bargain booze

Bestway deal includes all fascias and company-owned stores

Bestway has snapped up Bargain Booze, Wine Rack, WS Retail and Select Convenience in a pre-pack deal from the administrators of Conviviality for the knockdown price of £7.25m.

The £2.1bn-sales wholesaler has been trying to consolidate the market for several years, but its overtures to the likes of Blakemore, Costcutter and Nisa have all been spurned as it drove a hard bargain.

However, with Conviviality retailers seeking out new supply deals as stocks ran out, and rivals tied up in restructures, disposals and the integration of new supply contracts, the Bestway team was in pole position to negotiate a deal on the Convenience Retail business, and is expected to seal the deal with administrators PwC on Monday.

Adding 770 Conviviality stores to the 1,500 BestOne symbol retailers and 2,000 shops operating under the Extra Local retail club fascia, Bestway will add £500m in sales and will now supply over 4,000 shops, including the 220 company-owned stores Conviviality had built up.

Some convenience industry sources felt the company-owned stores had been a distraction to Conviviality management and had soaked up valuable cash. As recently as December Conviviality paid £25m to acquire WS Retail (also from PwC, which was acting at the time as the administrator of defunct wholesaler Palmer & Harvey). That’s four times the amount Bestway has paid for the entire Conviviality Retail business. It also acquired the GT News and Rhythm & Booze businesses.

But these company-owned stores are understood to have been a key attraction in acquiring Conviviality Retail.

“It’s far more attractive than buying a bunch of cash & carries, because it gives you a position in retail,” a senior Bestway source who has been involved in the sale process told The Grocer. “We’ll be managing over 200 stores. We can use these as a test bed, in terms of price and range discipline.”

It was also an opportunity to “get close to a whole bunch of [independent] retailers”, he added. “We can always franchise them out, getting closer to bigger retailers in the process. We know the history and the trading of these stores. We might be able to say, ‘do you want to operate them?’”

The source added that franchise stores were also attractive because of Conviviality’s insistence on 90% compliance. “Bargain Booze is the most disciplined symbol operation in retail. The nature of the epos system, the discipline around price control, and the best execution compliance, it gives you the platform to roll that out across our other fascias.”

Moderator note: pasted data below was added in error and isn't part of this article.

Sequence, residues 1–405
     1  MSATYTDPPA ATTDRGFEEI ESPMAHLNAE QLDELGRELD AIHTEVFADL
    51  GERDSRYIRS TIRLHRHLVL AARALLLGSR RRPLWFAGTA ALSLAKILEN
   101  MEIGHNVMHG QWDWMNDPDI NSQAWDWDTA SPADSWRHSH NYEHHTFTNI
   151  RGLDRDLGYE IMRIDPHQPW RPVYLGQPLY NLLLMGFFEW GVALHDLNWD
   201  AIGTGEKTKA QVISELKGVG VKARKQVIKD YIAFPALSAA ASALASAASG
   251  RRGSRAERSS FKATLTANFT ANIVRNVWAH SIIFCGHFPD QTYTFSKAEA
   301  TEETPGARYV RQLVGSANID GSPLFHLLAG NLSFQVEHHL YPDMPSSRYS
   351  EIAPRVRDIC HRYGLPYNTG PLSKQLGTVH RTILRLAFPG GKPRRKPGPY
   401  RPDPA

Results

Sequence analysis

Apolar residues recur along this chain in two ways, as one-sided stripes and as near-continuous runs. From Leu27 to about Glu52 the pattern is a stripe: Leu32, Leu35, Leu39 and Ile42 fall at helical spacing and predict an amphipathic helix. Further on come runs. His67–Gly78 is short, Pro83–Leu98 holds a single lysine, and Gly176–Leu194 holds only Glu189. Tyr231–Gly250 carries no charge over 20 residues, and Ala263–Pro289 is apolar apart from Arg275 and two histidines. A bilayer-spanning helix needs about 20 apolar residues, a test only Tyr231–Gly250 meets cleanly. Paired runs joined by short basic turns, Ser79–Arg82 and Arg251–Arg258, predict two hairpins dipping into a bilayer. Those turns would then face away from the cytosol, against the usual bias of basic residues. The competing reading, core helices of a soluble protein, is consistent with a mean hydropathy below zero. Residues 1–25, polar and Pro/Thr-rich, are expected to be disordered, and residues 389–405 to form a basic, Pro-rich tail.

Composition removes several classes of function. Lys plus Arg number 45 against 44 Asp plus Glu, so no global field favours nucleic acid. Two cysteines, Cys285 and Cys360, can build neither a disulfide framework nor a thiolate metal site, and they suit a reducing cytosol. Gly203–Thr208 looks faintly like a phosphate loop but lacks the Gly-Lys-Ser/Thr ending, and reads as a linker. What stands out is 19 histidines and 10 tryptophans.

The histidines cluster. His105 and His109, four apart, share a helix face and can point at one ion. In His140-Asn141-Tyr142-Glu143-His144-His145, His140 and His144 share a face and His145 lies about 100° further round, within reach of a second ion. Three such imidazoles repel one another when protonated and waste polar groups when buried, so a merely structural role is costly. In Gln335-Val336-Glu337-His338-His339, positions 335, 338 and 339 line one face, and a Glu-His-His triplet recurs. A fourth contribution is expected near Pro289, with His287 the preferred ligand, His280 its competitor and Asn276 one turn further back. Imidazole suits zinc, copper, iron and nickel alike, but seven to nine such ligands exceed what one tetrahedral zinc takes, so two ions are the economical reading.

While plans are not fully fleshed out, the source speculated that the Wine Rack and Bargain Booze brands could also be used as sub-brands within BestOne stores.

And though off licences have come under a lot of pressure in recent years, he predicted that with minimum unit pricing “a slam dunk” in the near future, supermarkets “will not be able to loss lead on alcohol, so we will see a change in shopping back to convenience”.

Under the terms of the pre-pack deal, Bestway will be able to take on the leases under a licence to occupy basis. This controversial practice – which has been used extensively in recent months by a number of retailers and restaurant chains – will enable Bestway to negotiate with landlords on the same or better terms – or walk away.

Bestway will also sign a retention of title clause, which means that it will take on Conviviality Retail’s supplier debts while collecting money owed by its retailer customers on behalf of the banks, for which it will receive commission. It will also take over the loans CVR had given its retailers.

Conviviality owned the head leases on around 50% of the shops it supplied, which meant they were liable when the lease ran out. Retailers also received shares when they took out loans with Conviviality. The idea was to use the dividends to pay back the loans, but with Conviviality plc in administration, those shares – with a market capitalisation of over £750m in November - are worthless.

Earlier this week, Magners owner C&C acquired Conviviality’s on-trade wholesalers Matthew Clark and Bibendum for a “nominal sum”, understood to be as little as £1.